January 28, 2023

AI Narrator: will Apple put human narrators out of business?

Apple's AI narrator is here. And it's scary good.

Besides coming up with images with freaky arms and writing poems about the struggles of the 21st century, AI will soon soothe you to sleep.

Because in this January, Apple quietly launched its audiobook AI narration service.

(Still very, very limited, covering only a few titles. Might it be because the AI part of it isn’t very good, so some kids in Bangladesh are polishing it to sound more human?)

Yes, for years, Amazon and Google have been offering text-to-speech for publishers to create audiobooks. But they haven’t been any good.

But we listened to Apple’s one. And It’s very good

In fact, it’s so good it has gotten professional narrators worried.

Although the Guardian writes it misses the human touch and nuance, we disagree with it.

It’s already better than some human narrators.

And yeah, it lacks the theatrical performance of human narration. A person (or should we say droid) isn’t on a stage and putting on a performance inside your ear.

It just reads out the text. But in a very consumable way. Sort of like eastern European without any accent.

It’s excellent; information gets passed, but there just isn’t that much emotion.

Although this “performance” might matter for some people listening to fiction books (probably doesn’t matter for a lot, only for emotional types), it doesn’t matter at all for non-fiction books like business books, biographies, or self-help.

Why is Apple doing it?

Audiobooks are booming. Sales last year jumped 25%, bringing in more than $1.5bn. Industry insiders believe the global market could be worth more than $35bn by 2030.

And although people listen to books more and more, only a fraction are converted into audio. Because it’s very expensive.

Translation: Money is left on the table. Someone outta grab it. (Enter Tim the Apple)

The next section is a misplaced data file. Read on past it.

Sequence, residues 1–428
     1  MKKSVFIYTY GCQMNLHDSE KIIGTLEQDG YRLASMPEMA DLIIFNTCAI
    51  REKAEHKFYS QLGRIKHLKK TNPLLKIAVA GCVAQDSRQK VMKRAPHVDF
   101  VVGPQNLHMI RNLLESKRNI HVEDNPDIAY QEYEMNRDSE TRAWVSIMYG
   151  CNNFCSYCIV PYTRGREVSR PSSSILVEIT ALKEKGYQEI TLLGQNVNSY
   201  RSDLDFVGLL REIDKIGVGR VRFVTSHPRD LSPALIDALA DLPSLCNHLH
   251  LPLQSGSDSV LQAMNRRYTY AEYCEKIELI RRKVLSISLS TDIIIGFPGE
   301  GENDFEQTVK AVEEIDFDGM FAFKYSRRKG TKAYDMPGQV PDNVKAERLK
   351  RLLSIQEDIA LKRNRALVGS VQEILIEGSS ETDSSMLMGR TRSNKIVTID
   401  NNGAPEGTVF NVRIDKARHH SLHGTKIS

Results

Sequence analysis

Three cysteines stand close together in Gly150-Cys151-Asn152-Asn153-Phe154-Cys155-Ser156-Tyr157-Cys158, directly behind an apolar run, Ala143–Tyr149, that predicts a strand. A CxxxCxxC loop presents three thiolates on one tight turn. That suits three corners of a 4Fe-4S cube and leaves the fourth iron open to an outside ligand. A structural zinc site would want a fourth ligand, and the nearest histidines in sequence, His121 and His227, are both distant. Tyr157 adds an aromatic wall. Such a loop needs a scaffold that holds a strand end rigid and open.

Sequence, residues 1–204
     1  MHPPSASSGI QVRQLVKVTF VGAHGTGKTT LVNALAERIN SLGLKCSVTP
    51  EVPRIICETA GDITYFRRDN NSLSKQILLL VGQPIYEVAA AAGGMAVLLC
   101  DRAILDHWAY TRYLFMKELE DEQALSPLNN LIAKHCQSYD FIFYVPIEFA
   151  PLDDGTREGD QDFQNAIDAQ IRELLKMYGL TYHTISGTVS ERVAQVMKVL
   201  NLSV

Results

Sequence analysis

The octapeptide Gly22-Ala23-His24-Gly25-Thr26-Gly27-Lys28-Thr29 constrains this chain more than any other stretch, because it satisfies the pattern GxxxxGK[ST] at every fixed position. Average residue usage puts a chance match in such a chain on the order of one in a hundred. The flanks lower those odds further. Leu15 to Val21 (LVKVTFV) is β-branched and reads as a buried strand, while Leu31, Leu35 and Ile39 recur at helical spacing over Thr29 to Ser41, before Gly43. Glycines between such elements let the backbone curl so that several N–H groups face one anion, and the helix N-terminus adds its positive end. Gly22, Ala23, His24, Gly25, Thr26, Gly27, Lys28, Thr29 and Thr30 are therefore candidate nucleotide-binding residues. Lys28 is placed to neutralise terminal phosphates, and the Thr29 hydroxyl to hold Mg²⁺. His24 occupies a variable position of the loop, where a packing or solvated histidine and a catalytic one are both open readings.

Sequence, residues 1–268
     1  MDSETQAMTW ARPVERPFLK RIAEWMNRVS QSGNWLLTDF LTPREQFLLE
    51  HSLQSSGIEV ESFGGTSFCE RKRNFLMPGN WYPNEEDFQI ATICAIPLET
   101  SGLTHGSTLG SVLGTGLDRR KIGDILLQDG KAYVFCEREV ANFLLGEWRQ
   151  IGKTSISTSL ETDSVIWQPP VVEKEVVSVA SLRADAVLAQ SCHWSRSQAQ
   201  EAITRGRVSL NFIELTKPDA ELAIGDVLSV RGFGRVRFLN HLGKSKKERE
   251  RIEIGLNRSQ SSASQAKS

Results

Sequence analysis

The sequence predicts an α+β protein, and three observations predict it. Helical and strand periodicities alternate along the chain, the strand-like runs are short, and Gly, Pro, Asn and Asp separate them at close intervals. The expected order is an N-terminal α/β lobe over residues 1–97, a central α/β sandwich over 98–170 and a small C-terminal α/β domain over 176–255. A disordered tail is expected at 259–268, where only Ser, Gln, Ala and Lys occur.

So at first, it will help Indie authors and small publishers.

“Look, I’m not a fan of A.I. voices,” said Edoardo Ballerini, a legendary narrator titled the voice of god.

“But there is a reasonable argument that it can serve a purpose, with backlist titles and nonfiction that nobody was going to put into audio anyway. Here is a tool that can make it accessible for people.”

Here you go, even (the voice of) god himself sees value in it.

But at one point, it will be so good it’ll replace most human narrators.

Some of them, who have their own fans, personality, and style, will still get gigs.  

Because humans will only narrate the books where *them* narrating them is a unique selling proposition.

For example, a book by Stephen King narrated by Benedict Cumberbatch. Or the bible by the voice of god.

Or maybe the tech will be used to aid the authors in narrating it themselves.

Because a lot of listeners prefer that option. But it’s a gruesome and time-consuming job.

Every other narrator, who was just a tool for a job, will be sent for retirement in Thailand.

Or their voice will be rented, and they’ll be used to re-record some parts that need some human touch.

But what’s Apple’s long-term vision for it?

Well, the rumors say they are trying to take on Amazon’s Kindle Publishing.They even have a direct comparison page on their website. So they want to be a 10x better option.

But it seems it’s the general, “don’t provide just hardware, provide the content as well” plan.

Get people into your ecosystem, lock them in, collect data, sell ads, make products, sell more products. Get richer.

And let’s not forget Apple is about to launch its ad network (that’s why they made Facebook ad tracking much harder on IOS devices also)

As they launched their homepod recently, are they gonna play ads for Apple music/books users?

Will books not narrated by Apple’s AI be banned from the bookstore?

Only time will give an answer to these questions.

Vixus is a mediatech content hub covering stories from generative AI to VR and beyond.

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